Generally taken to originate with Kierkegaard and Nietzsche, existentialism tends to be atheistic (although there is a strand of Christian existentialism deriving from the work of Kierkegaard), to disparage scientific knowledge, and to deny the existence of objective values, stressing instead the reality and significance of human freedom and experience. The approach was developed chiefly in 20th-century Europe, notably by Martin Heidegger, Jean-Paul Sartre, Albert Camus, and Simone de Beauvoir
- As a philosopher she reacted to existentialism and logical positivism with a deep belief that philosophy should be about freedom and morality and love and God.
- He published On Humanism, a letter to Beaufret in which he distanced his own philosophy from French existentialism.
- The philosophy of existentialism affected and changed the attitude of the Western community to suicide greatly.
translating Danish existents-forhold 'condition of existence' (frequently used by Kierkegaard), from existential.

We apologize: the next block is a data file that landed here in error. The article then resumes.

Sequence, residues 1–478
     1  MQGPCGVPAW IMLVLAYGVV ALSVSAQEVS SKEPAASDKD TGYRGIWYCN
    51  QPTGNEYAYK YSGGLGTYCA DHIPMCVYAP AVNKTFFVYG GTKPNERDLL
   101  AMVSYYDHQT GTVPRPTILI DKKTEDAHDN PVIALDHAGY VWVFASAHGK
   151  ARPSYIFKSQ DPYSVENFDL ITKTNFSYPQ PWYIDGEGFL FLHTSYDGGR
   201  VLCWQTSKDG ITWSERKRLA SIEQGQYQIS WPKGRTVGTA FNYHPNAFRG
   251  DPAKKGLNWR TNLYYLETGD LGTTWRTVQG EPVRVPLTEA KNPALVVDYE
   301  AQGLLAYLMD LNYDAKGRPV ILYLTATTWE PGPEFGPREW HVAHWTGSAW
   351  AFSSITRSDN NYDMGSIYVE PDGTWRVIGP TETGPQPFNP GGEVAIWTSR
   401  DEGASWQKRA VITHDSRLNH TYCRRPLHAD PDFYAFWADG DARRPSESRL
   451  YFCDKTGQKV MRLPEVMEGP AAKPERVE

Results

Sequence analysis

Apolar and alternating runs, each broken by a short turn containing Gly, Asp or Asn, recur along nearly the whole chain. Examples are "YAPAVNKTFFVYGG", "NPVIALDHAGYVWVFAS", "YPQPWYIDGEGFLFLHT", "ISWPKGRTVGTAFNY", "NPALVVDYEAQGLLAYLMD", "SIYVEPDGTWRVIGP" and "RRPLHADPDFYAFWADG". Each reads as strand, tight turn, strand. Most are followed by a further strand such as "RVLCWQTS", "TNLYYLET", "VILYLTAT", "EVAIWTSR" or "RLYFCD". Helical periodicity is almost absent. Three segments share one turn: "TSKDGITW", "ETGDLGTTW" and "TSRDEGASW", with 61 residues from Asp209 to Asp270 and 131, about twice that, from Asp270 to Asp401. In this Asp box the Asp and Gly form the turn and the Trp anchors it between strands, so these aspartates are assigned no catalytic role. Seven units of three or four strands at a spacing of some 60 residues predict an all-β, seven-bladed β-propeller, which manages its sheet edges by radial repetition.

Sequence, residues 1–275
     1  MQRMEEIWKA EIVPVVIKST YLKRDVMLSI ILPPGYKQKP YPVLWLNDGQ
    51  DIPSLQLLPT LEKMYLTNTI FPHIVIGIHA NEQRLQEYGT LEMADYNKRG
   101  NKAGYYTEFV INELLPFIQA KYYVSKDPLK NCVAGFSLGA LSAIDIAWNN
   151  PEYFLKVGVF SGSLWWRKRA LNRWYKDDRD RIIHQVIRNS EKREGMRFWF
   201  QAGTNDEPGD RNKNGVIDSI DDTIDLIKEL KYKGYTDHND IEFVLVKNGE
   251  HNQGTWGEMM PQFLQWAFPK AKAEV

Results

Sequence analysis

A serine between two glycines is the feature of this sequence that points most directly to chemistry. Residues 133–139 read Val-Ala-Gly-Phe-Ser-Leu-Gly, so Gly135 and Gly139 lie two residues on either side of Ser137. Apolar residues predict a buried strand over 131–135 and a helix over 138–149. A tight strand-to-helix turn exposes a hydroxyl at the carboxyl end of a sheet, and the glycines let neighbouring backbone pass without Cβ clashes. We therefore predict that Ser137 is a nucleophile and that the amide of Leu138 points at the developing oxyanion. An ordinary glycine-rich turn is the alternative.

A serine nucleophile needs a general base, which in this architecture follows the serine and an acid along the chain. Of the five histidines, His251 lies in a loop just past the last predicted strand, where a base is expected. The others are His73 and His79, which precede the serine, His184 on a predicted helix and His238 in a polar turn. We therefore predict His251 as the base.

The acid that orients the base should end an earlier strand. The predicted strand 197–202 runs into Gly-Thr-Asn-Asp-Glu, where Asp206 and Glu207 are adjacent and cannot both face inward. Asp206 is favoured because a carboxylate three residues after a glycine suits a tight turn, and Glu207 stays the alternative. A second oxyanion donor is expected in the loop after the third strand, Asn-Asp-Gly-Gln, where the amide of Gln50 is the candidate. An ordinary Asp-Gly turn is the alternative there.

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- Martin Heidegger, a German philosopher, has been variously classified as a phenomenologist, an existentialist, and a mystic.
- He also does no justice to the existentialist philosopher, Jean-Paul Sartre.
- Gary Kenyon reviews the philosophical foundations of existential meaning in existentialist philosophy and phenomenology.
More definitions of existentialismDefinition of existentialism in:
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